Moral Defense (Samantha Brinkman #2), by Marcia Clark

Eight stars

First and foremost, a large thank you to NetGalley, Marcia Clark, and Thomas & Mercer for providing me with a copy of this book, which allows me to provide you with this review.

In her latest thriller, Clark brings Samantha Brinkman back for more captivating drama and legal wrangling. Discovering her father and brother murdered and mother hanging on by a thread, Cassie Sonnenberg is at the centre of a media frenzy. Why was she spared and could the killer come back for her to finish things off? Playing the proactive approach and knowing that Cassie will need legal representation, Samantha Brinkman has the courts appoint her Cassie’s lawyer. While she is cognizant that her client has been through much over the past few weeks, Brinkman is keen to get the larger picture of the entire happenings, mainly to protect Cassie from future loopholes. Brinkman engages her team–office manager, Michelle, and investigator, Alex– to help develop Cassie’s story. Adopted by the Sonnenbergs at a young age, Cassie has been able to fit nicely within the unit. However, Cassie admitted to eventually becoming the sexual plaything to both her brother and father, which fuelled not only a sense of vulnerability, but also a simmering rage. Once the police are able to disprove Cassie’s witness statement on the night of the murder and stumble upon some damning evidence, she is placed into custody, forcing Brinkman to turn the representation into a full-fledged criminal defence. Brinkman brings Alex on board to flesh-out the abuse allegations and they seek to build up a solid defence based on this information, while trying to keep the practice’s other cases from going stale. Alex discovers that key people in Cassie’s life seem not to have been aware of some abuse claims, or recite the facts in a scripted manner when interviewed. When a key piece of evidence falls into place, an alternate set of facts comes into play and a suspect with more motive to kill the Sonnenbergs emerges. Even with this new potential killer, trouble comes when Cassie will not cooperate, the only hurdle to being able to get her off the hook. As Samantha Brinkman contorts herself in legal and personal ways she could not have thought possible, the story becomes more complicated, pitting Cassie against a set of facts that leaves her completely vulnerable and on trial for murder. Clark’s legal background and strong writing ability make this another must-read in her new legal series.

Having followed Clark through her previous series, I was unsure how well I would adjust to Samantha Brinkman. My uncertainty was quickly quashed when I read the opening novel in this new series, chock-full of character development and backstories that kept the reader hooked from the early chapters. This follow-up is leaps and bounds ahead of even that story, so much so that I could not help but devour it in a few concentrated sittings. Not only has Clark used her strong protagonist in the form of Samantha Brinkman, but by bringing Michelle and Alex back in their capacities as strong supporting characters, the flow of the novel is stronger, picking up where the first novel ended. With a deeply personal story that is strengthened by a crisp narrative, Clark allows the reader not only to see how she can get to the heart of the manner, but also tap into strong emotions on the part of Brinkman. This creates a drive In the narrative and helps push the story along in a credible fashion. The novel also paces itself nicely as there are numerous cases (read: storylines) that develop throughout, forcing Clark not only to shine the spotlight on one and give the others passing mention. Each case develops and finds some resolution, though there are some delectable bits that keep the reader wondering what else Clark might have in store for future novels. With her legal background and setting the novels in and around the Greater Los Angeles area, Clark is able to keep things realistic and sustain the momentum that is essential for this type of novel, which relies on pulling the reader in and not letting go. Clark has effectively kept readers sated and curious simultaneously, while keeping her narrative as realistic as possible. There might not be any courtroom scenes that leave the reader gasping, but there is a significant amount of sleuthing and tense exchanges, which only thicken the plot. A wonderful piece of writing that has me hooked and seeking more, as soon as Clark can place Samantha Brinkman into another legal thriller.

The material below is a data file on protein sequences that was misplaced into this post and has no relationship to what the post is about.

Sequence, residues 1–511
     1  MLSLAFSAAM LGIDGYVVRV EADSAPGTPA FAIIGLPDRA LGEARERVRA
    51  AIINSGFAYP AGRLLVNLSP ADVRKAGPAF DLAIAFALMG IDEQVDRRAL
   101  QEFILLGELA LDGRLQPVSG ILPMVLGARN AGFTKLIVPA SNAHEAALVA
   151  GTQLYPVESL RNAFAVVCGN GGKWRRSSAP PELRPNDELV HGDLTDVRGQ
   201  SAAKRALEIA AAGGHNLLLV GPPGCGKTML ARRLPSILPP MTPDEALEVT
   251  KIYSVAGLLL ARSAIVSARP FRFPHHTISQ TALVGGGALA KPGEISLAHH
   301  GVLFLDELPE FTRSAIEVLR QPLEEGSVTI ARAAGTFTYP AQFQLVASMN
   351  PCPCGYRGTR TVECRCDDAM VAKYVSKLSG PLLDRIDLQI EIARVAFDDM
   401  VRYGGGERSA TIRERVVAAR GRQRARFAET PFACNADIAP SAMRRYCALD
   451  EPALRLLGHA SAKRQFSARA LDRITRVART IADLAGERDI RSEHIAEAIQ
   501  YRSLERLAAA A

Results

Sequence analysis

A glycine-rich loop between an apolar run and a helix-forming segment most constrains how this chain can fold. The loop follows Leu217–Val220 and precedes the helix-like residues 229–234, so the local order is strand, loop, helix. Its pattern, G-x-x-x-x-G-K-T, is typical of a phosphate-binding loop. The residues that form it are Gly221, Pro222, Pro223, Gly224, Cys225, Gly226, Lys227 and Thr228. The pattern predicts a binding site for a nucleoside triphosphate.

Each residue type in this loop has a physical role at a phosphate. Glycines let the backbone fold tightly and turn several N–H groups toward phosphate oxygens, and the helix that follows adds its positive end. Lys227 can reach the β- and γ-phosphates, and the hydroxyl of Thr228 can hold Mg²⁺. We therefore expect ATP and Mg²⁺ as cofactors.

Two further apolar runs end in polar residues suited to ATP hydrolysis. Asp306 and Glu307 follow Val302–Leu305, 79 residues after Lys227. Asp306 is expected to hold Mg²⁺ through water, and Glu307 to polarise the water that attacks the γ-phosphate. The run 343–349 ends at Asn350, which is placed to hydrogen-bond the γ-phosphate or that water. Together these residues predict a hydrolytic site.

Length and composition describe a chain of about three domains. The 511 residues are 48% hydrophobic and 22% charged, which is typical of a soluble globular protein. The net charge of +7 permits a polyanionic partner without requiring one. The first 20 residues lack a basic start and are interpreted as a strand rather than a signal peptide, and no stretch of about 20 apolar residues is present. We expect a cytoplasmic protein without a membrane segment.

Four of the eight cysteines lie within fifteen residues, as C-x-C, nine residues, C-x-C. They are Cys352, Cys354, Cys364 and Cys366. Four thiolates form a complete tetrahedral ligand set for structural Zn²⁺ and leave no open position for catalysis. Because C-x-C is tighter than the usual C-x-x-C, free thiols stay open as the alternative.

Kudos, Madam Clark for writing at such a high caliber. You have succeeded in winning many fans with your realistic approach. I can only wonder what directions you see Brinkman going in the next few years.

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